THE FILLING STATION – Old timers used to call these places “service stations,” a place where they drove up and some guy would fill up the gas tank, wipe off the windshield and inquire if the driver needed oil, water, the ashtray emptied or the latest news, then the attendant would take the money (25 cents a gallon). Today we drive up to the pumps and do everything ourselves including using our credit card to pay for the gas ($3.95 a gallon). But soon even that will change, and for advice we turn to that noted sage, philosopher and futurist, Jay Leno, who owns approximately 286 vehicles (169 cars and 117 motorbikes). On CNBC he said, “Electric is the future.” Leno went on to explain why, ending with: “So there’s almost no reason to have a gas car unless, you know, you’re doing long-haul duty.”
The number of electric cars worldwide has risen to 3.2 million, as of the beginning of 2018. Some 1.2 million are on the roads in China, followed by 750,000 in the U.S. Among the states, California leads with the most registered electric vehicles, and the state is home to nearly half of the country’s plug-in cars. The State of Washington holds second place with more than 3 per 1,000 vehicles registered being electric. Still, those cars only make up just 1.5 percent of all U.S. auto sales. There are now around 5,000 electric cars registered in Texas, and that number is expected to grow to nearly 100,000 by 2023. This may be terrible news for the oil-and-gas industry in Texas and especially Houston. But every exhaust cloud has a golden lining, because it seems the Lone Star State has figured how to turn a buck on this major threat to its economy.
According to a Houston company, Navigant Research, which maintains an eye on such data to help the power and utilities industry keep up with changing times, the main reason more electric cars are being bought in Texas is due to a comprehensive network of public charging stations in urban areas. So the more charging stations are built, the more Texans will feel they won’t be stuck at midnight on the West Loop with a dead battery. And who is putting in all these stations? Utility companies.
Texas allows utilities to operate their own public electric-car charging stations. NRG (as in the stadium) operates the eVgo charging network, which as 17 stations in Houston and 23 in the Dallas-Fort Worth areas. Nissan, which makes the electronic Leaf, is subsidizing the eVgo network in the Houston and Dallas-Fort Worth areas, allowing Leaf owners to charge for free and avoid the flat monthly fee other eVgo users pay. In San Antonio, CPS Energy has entered the field because it believes electric cars will offset air pollution in the area. In our environmental-friendly capital city, Austin Energy has gone a step further. It is the only one of the utilities to rely exclusively on renewable energy sources — specifically wind and solar — for its charging stations. Texas views itself as the land of no-regulations and a free market, but, due to the car dealers’ lobby, Tesla Motors is forbidden from making direct-sales to customers, so Tesla has five fast-charging stations in the state, with plans for more.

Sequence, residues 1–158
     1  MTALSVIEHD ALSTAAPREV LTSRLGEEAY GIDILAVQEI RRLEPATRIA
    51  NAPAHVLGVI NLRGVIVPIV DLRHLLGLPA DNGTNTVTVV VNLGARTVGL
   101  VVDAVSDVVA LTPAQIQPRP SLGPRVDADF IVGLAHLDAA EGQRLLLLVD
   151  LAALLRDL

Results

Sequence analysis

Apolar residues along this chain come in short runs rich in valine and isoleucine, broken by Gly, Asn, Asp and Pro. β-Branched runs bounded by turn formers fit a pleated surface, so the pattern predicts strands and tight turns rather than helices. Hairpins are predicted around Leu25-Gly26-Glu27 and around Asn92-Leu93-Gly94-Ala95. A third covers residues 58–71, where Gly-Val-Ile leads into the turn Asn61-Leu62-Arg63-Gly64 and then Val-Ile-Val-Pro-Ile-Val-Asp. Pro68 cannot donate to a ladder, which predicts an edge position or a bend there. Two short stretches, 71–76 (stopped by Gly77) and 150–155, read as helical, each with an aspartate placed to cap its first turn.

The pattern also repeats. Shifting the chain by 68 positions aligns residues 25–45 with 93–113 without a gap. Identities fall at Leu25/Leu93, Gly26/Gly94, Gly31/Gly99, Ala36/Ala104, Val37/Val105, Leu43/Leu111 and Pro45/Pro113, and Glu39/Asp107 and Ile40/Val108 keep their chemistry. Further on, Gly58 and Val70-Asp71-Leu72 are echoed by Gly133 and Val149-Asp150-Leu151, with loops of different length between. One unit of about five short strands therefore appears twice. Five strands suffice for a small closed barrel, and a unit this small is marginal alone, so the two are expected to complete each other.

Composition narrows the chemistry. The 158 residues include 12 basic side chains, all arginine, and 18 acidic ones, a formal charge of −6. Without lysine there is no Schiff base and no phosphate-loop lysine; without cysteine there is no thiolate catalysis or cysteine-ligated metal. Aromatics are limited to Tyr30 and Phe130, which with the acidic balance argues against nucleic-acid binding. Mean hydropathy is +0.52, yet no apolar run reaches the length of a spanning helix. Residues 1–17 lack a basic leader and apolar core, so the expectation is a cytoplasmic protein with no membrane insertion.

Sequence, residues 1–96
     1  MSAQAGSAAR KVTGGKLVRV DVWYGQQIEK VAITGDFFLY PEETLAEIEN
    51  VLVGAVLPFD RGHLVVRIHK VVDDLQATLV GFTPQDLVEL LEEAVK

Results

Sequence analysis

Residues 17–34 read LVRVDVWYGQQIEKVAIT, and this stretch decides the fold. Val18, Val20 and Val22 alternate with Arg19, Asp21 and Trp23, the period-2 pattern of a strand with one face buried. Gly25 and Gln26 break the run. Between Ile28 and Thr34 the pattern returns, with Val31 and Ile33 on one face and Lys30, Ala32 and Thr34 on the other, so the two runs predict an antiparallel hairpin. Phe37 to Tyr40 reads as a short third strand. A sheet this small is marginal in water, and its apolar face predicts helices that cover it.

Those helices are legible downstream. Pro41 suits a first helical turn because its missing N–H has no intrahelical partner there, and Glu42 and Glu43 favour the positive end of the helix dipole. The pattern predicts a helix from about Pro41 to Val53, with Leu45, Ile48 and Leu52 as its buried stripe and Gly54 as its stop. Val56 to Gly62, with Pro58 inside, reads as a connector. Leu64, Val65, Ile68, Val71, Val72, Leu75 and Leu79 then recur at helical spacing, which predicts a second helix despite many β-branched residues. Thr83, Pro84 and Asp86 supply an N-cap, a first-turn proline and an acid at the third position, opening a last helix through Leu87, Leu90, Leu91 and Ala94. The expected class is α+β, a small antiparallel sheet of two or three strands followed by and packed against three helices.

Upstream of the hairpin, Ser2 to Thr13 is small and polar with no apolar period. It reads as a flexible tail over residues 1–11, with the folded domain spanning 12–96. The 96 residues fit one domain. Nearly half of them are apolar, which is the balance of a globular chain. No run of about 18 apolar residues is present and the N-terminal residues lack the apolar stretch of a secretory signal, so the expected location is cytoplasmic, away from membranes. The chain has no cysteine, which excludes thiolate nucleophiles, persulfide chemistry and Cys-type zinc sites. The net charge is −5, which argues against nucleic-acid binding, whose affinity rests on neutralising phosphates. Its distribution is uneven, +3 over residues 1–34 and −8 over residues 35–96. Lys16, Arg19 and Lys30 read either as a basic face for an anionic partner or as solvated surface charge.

OK, that’s fine for the utility companies, but what about the Texas oil and gas industry and its overseer, the Texas Railroad Commission? In fiscal year 2018, the oil and natural gas industry supported more than 348,000 direct jobs in Texas and paid a bit over $14 billion in state and local taxes for schools, roads and first responders. Our vast petrochemical industry will still need oil to turn out stuff we use from sunglasses to flip flops, running shoes, umbrellas, panty hose, shoe polish, bulletproof Kevlar vests and those awful plastic bags that litter the countryside. Indeed, all those utility companies that are betting on electric cars will still need fuel to power their generators. Texas leads the nation in both the production and use of energy. But wind and solar panels only provide less than a third of Texas energy, so we must not feel too sorry for the awl bidness, as we wildcatters say.
As for the Railroad Commission of Texas, it was established in 1891, making it the oldest regulatory agency in the state and one of the oldest of its kind in the nation. The Legislature passed: “An Act to Provide for the Inspection of Refined Oils Which Are the Product of Petroleum, and Which May Be Used for Illuminating Purposes Within This State, and to Regulate the Sale and Use Thereof, and to Provide Penalties for the Violation of Same.” Today the commission has virtually nothing to do with railroads or anything used for illumination purposes, and just rides herd on the oil and gas industry. (It recently announced it has assessed $864,689 in fines against violating operators and businesses. Hehehe.)
Still, what about all those mom-and-pop convenience stores that get much of their business selling gas along with Texas-shaped ashtrays and stale candy? They can start selling electricity – and fresher candy. An old idea: We turn filling stations back into service stations. Bring back our petroleum history. We rename the Houston Texans the Houston Oilers. (While we’re at it, bring back Jay Leno.) We put wind-driven propellers on the derricks and watch the money flow in. Gives a whole new meaning to the term, “Spindletop.” There is still work for the Texas Railroad Commission. There used to be a law requiring all trains running through Texas to fly the Lone Star flag. See if that’s still the law and, if so, start enforcing it – and open a flag shop. Once Houston’s slogan was, “Where 23 Railroads Meet The Sea.” That event must have made a huge splash. Today we only have one passenger train. Commissioners, find out what ever happened to the other 22.
Ashby fills up at email@example.com